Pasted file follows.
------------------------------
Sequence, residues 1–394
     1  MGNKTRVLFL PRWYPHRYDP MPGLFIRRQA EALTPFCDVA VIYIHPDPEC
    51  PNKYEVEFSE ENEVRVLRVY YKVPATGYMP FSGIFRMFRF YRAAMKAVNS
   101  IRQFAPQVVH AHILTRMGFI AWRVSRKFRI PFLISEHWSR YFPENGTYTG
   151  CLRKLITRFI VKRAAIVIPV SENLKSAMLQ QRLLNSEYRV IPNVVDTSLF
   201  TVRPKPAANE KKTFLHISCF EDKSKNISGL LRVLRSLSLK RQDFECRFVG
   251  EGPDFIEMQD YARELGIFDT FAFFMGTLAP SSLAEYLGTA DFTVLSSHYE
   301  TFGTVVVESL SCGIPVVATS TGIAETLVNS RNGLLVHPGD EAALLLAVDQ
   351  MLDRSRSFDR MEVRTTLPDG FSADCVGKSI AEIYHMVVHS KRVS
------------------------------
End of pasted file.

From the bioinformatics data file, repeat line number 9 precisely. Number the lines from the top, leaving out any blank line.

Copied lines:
   351  MLDRSRSFDR MEVRTTLPDG FSADCVGKSI AEIYHMVVHS KRVS